Universities became subject to the new Prevent duty in September 2015 following changes to the government’s PREVENT programme in the Counter-Terrorism and Security Act 2015. Here Chris Allen warns how the government’s attempts to prevent university students from being drawn into violent extremism and terrorism could backfire. If Muslim students feel increasingly pressurised, marginalised and excluded as a result of these new duties, then they could end up reinforcing the very basis of those extremist narratives that they have been introduced to tackle.
Universities are now required to provide specialist staff training on radicalisation, carry out risk assessments on the vulnerability of students and have appropriate welfare programmes in place, among other things. While I am acutely aware of the dangers of students being drawn towards extremist ideologies of any persuasion, my concerns are that these new measures will be counter-productive.
One rationale for the new duties is that university staff are uniquely placed to see the changes in the behaviour and outlook of students who have been radicalised. The notion of easily identifiable “changes” have been around for a while, first posited by the then home secretary, John Reid a decade ago. Back then, he was telling Muslim parents about the need to be vigilant in watching their children for the “tell-tale signs” of extremism.
Oft-repeated since, no politician has yet set out exactly what these “tell-tale signs” might be. Neither does the new PREVENT guidance. Unsurprising because in essence, when “changes” or “tell-tale signs” are referred to they are in many ways little more than mere code for becoming “more Muslim”. Whether visual – growing a beard or wearing the niqab for example – or vocal – practising your religion more openly or developing political views about British foreign policy or Palestine for instance – it is the recognition of more Muslim-ness that is problematic.
A number of worrying assumptions underpin this. First, because being “more Muslim” is understood to be a bad thing. This does, however, resonate with the “good Muslim/bad Muslim” quandary that has featured prominently in various political discourses since 9/11.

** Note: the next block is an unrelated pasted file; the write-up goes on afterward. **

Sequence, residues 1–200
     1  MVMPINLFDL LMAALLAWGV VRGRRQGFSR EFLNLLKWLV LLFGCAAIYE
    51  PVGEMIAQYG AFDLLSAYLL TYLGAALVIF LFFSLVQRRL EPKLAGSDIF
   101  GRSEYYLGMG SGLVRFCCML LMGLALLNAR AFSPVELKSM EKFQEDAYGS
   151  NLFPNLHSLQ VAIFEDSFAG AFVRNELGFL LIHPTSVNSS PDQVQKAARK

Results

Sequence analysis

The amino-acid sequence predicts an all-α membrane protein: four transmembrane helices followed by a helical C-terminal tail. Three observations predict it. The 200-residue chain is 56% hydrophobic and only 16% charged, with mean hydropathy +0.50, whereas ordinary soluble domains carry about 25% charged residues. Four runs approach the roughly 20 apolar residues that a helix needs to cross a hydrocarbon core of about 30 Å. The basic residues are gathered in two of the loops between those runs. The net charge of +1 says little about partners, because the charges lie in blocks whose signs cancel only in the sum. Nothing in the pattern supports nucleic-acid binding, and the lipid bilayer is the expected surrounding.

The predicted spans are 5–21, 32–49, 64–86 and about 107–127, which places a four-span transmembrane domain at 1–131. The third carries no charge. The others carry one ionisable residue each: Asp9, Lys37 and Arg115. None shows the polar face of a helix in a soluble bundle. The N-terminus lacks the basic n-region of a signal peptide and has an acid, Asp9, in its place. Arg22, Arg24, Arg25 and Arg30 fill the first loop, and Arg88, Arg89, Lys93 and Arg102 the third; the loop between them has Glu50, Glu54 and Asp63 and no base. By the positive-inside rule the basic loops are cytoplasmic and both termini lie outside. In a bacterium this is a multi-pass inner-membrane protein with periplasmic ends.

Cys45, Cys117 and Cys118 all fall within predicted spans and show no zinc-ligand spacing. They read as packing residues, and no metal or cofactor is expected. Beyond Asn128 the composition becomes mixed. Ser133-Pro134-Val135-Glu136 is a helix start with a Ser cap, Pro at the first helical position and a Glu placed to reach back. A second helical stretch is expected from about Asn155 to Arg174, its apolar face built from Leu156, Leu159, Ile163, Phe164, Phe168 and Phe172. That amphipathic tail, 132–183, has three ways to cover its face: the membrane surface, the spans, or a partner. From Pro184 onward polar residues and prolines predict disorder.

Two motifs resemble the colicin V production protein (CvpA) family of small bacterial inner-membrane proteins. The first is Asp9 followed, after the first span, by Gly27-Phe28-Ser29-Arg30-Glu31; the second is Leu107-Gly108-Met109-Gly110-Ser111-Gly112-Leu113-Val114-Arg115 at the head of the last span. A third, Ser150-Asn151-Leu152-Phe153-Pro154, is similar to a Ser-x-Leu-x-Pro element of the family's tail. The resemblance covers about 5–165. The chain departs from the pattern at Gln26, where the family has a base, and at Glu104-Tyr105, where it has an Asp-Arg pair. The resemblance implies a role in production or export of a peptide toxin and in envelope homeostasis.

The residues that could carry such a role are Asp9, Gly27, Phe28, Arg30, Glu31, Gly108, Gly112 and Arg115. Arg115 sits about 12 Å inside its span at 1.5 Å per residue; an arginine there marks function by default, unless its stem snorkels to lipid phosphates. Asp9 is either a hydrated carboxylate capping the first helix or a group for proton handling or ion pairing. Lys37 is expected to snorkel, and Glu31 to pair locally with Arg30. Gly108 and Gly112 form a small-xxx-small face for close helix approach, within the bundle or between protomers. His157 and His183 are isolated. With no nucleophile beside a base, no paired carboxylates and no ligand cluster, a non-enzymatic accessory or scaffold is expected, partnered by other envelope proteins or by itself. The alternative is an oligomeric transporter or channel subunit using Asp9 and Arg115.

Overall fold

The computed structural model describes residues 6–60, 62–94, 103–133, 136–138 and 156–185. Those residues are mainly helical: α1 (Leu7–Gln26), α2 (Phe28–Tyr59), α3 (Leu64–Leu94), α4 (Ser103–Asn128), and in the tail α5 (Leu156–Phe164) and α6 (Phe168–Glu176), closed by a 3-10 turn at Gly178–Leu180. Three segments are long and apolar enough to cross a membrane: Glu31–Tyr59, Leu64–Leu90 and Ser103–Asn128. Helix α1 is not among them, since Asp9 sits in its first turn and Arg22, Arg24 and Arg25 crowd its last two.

Second, why is being “more Muslim” seen to be bad? The answer is because it is seen to go against the norm; against who “we” are, hence the recent emphasis on Britishness and British values in the education system. This is a recurrent theme in my research into Islamophobia: Muslims being routinely seen to be a homogenous “Other” – known and understood through various negative stereotypical attributes and characteristics that seek to demarcate “them” from “us”.
Because those stereotypical attributions and characteristics affirm that Muslims are inherently violent, manipulative, anti-Western and supportive of terrorism, it can then be argued as mere “common sense” to not only be suspicious of those who become “more Muslim” but to monitor them as well.
Most worrying is that even before these new duties were put in place, researchers Katherine Brown and Tania Saeed had shown how counter-radicalisation programmes had established universities as spaces for covert policing and surveillance where it is almost impossible for many to reconcile being publicly Muslim with being an “ordinary” student. The new duties have the potential to make the situation even worse.
Universities are also spaces where wider issues about the demonisation of Muslims and Islam can also be seen to be played out. Here at the University of Birmingham, this was all too evident when a spate of Islamophobic graffiti attacks on campus took place in the aftermath of the Charlie Hebdo killings in Paris.
Messages such as “Kill Islam before it kills you” and “Islam must die” were sprayed on some of the university’s most prominent buildings. Some people I spoke to dismissed the graffiti out of hand on the basis that it was perpetrated by those from outside the university. Given that similar graffiti continued to be found inside buildings and toilets, such dismissals may have been as optimistic as they were premature. The university reported the graffiti to the West Midlands Police, who told The Conversation that there had been no subsequent arrests and that the investigation was closed, pending any new information.
As a Muslim student at the University of Birmingham and a born-and-bred Brummie, am I surprised by these attacks on my community? The short answer: No.
It’s normal now. But then you can’t ignore it … Every time you come back on to campus, you’re reminded of it … it’s that nagging thought in the back of your head that keeps coming back … do I belong here?
Futile but damaging
As social and urban geographer Arshad Isakjee puts it, approaches to “spot” radicalisation have to date been entirely futile. In spite of the fact that the “tell-tale signs” continue to appear obvious to politicians, they remain elusive to the rest of us.
However, it is the impact of the even greater scrutiny of Muslim students that is most worrying. Given the current situation, the mere perception that Muslim students will now be subjected to even more monitoring and scrutiny – irrespective of the reality – will present even more barriers to Muslims being just “ordinary” students.
And if so, this will have the potential to reinforce the very basis of those extremist narratives that the new duties have been introduced to tackle: that “Islam” and “the West” can never coexist. If, as I predict, Muslims students feel increasingly pressurised, marginalised and excluded as a result of these new duties, then the law is likely to reinforce rather than counter the very same arguments that are used to justify the transition towards being radical and extreme.
About the author
Lecturer in Social Policy at the University of Birmingham